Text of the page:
I love Belgium. The waffles, Le Grande Place, the dogs in the cafés, the Horta architecture, the goofiest sculpture ever made (the Atomium), Magritte . . .but old and new Europe are not mixing well, and I speak of the two cultures that seem to be present in every country I visit as I hop around the continent.
There is old Europe, shopping for cheese and meats at the traiteur, browsing for antiques, enjoying a café for a coffee in the morning before heading off to work in a new office tower. The locals return home at night, kiss the kids, perhaps take in a dinner at one of the soigne new spots around town, and go home. This is classic Europe, and whether these families are in their thirties or sixties it matters not.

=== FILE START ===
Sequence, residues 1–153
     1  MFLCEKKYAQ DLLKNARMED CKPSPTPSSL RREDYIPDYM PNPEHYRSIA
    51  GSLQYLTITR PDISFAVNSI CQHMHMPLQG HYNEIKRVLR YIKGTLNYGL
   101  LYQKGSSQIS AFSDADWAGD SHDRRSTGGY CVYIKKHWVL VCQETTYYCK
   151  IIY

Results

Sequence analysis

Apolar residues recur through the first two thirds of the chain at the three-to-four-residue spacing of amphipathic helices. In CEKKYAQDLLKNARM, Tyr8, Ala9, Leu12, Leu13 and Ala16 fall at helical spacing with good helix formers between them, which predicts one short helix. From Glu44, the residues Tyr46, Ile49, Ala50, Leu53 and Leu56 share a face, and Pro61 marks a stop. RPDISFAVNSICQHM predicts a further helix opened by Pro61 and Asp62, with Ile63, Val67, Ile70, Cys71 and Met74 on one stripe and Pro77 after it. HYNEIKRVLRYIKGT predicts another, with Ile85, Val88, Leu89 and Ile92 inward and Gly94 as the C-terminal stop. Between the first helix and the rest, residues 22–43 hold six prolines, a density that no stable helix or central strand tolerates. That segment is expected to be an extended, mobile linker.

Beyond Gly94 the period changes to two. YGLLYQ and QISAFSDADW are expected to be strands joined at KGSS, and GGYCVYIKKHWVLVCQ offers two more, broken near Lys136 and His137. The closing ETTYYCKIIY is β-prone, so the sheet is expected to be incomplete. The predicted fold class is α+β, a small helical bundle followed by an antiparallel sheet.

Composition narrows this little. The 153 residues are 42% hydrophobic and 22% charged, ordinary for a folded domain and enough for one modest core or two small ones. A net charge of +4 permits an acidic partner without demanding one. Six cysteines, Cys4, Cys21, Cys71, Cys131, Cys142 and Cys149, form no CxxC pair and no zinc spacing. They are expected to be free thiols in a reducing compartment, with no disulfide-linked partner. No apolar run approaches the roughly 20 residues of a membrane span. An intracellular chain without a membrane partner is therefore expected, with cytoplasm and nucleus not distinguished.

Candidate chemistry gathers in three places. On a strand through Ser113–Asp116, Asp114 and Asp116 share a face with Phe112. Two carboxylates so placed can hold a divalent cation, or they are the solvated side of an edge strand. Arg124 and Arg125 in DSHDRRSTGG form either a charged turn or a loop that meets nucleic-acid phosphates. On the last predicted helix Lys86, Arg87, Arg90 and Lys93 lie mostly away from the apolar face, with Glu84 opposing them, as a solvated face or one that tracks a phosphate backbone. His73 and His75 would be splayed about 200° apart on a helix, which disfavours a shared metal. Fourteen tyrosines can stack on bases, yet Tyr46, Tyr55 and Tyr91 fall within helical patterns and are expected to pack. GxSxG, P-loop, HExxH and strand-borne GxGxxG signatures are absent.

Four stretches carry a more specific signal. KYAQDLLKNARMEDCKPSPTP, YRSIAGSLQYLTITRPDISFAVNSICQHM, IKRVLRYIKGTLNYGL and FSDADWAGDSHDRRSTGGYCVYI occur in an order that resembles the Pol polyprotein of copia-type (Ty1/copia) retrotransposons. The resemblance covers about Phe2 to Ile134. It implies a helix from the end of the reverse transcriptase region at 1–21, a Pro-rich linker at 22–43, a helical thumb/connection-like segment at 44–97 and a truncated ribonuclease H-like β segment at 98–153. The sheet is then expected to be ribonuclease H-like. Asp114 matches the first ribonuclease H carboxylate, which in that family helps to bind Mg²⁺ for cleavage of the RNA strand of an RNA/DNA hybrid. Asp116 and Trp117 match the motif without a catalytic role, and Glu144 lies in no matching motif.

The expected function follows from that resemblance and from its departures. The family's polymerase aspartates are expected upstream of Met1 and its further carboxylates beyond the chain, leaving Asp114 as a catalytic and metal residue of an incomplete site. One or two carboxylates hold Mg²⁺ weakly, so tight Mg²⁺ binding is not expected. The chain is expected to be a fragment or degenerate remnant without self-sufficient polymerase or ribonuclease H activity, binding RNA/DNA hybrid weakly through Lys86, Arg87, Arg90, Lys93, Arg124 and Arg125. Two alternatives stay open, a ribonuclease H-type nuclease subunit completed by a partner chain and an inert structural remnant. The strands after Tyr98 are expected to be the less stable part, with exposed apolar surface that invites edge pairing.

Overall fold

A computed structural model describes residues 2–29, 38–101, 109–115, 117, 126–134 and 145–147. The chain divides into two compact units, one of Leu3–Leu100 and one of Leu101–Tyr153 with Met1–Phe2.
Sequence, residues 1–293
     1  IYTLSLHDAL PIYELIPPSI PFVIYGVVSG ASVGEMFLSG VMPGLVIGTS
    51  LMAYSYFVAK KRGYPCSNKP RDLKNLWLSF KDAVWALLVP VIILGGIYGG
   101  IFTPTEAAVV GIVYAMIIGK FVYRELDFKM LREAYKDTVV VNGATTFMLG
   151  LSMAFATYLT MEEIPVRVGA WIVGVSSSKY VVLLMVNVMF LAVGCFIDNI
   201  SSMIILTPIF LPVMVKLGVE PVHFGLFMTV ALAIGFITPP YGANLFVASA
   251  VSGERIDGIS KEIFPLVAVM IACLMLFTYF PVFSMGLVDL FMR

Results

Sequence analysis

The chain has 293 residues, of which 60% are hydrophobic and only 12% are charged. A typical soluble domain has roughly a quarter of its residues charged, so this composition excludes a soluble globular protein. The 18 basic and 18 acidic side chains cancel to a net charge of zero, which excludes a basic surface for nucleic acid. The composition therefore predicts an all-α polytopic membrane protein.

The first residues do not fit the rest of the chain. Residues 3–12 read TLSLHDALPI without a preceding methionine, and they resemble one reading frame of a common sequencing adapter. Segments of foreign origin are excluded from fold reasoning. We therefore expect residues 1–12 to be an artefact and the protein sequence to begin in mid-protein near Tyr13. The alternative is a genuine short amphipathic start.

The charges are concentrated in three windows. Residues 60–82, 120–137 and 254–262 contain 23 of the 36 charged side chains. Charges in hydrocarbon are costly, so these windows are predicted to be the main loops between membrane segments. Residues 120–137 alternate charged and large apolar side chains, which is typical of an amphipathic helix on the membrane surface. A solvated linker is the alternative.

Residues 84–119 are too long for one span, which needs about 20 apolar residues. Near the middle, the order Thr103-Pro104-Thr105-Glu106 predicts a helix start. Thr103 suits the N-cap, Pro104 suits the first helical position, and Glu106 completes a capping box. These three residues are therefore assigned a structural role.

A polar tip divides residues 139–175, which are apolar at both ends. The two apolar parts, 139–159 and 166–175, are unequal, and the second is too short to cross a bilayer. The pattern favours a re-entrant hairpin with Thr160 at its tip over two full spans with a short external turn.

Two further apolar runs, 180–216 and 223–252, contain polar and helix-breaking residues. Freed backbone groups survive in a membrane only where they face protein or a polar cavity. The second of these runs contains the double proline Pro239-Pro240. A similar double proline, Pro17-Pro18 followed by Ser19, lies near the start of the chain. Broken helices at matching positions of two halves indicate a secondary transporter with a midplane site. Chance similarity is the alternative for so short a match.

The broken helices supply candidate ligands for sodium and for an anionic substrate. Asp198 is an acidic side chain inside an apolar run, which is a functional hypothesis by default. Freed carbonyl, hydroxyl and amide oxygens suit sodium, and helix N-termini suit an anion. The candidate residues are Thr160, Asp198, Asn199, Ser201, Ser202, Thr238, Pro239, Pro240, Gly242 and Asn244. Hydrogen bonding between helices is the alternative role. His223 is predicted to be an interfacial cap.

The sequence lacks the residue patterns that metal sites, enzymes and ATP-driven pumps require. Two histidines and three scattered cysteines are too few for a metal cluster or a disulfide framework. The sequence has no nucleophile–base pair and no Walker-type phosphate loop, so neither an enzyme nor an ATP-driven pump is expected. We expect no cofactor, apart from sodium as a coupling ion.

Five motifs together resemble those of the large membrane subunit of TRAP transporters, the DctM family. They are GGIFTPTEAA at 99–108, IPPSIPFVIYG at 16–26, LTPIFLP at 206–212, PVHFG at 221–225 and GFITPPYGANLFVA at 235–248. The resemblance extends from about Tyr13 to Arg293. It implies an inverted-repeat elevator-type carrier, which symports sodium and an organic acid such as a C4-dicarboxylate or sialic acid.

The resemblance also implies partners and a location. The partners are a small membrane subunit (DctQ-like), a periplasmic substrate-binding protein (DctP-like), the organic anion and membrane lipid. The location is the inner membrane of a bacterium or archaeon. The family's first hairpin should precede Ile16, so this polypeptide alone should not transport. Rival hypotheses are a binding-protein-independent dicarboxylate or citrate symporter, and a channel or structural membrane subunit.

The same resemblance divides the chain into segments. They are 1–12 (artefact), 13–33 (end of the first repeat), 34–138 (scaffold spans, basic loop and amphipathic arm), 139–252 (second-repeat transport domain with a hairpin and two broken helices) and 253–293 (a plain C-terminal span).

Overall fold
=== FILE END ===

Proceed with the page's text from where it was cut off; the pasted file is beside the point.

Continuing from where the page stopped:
But it's different indeed than the gypsy beggars in the streets or the hordes of disaffected North African or Middle Eastern youths silently chain smoking and mainlining coffee in the local bar-tabac. The small foie gras and oyster cafés (the oyster bar in the Passage du Noord is my fave) are increasingly more desolate, the Schwarma/Kebap stands are more prevalent, and the old guard can't understand why anyone would forego the former for the latter. My Sultan Special at the King of Kebap would explain it if they gave it a try—a grilled chicken and pickled vegetable pita that would curl your toes it's so good. But old Belgium won't accept the new immigrants and their customs and won't give them meaningful jobs and access to good schools—and this is a progressive country!
I came over here wondering about our immigration issues in America, and I return grateful for our system—which needs fixing—but Europe is a powder keg of jealousy and resentment, misunderstanding and denial, and it feels like the chances of a peaceful civil rights movement flourishing here, one that could result in mutual understanding and progressive change, is almost nil.
Next week, the best day of eating in Brussels and an update from the world's largest seafood show . . . .